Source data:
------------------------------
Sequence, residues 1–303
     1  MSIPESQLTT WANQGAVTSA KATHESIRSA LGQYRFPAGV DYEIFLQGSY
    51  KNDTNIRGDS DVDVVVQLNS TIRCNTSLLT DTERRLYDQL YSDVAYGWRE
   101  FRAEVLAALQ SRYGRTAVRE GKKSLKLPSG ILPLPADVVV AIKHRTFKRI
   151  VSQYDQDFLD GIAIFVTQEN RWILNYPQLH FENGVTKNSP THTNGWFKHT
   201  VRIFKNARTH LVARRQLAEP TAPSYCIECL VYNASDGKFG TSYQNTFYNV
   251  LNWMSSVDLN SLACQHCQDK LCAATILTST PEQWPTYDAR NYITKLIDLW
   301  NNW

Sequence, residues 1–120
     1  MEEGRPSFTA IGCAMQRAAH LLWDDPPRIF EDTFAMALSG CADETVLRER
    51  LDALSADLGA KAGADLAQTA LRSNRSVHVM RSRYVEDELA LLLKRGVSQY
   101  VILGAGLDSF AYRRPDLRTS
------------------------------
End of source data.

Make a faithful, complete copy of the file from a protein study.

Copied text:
Sequence, residues 1–303
     1  MSIPESQLTT WANQGAVTSA KATHESIRSA LGQYRFPAGV DYEIFLQGSY
    51  KNDTNIRGDS DVDVVVQLNS TIRCNTSLLT DTERRLYDQL YSDVAYGWRE
   101  FRAEVLAALQ SRYGRTAVRE GKKSLKLPSG ILPLPADVVV AIKHRTFKRI
   151  VSQYDQDFLD GIAIFVTQEN RWILNYPQLH FENGVTKNSP THTNGWFKHT
   201  VRIFKNARTH LVARRQLAEP TAPSYCIECL VYNASDGKFG TSYQNTFYNV
   251  LNWMSSVDLN SLACQHCQDK LCAATILTST PEQWPTYDAR NYITKLIDLW
   301  NNW

Sequence, residues 1–120
     1  MEEGRPSFTA IGCAMQRAAH LLWDDPPRIF EDTFAMALSG CADETVLRER
    51  LDALSADLGA KAGADLAQTA LRSNRSVHVM RSRYVEDELA LLLKRGVSQY
   101  VILGAGLDSF AYRRPDLRTS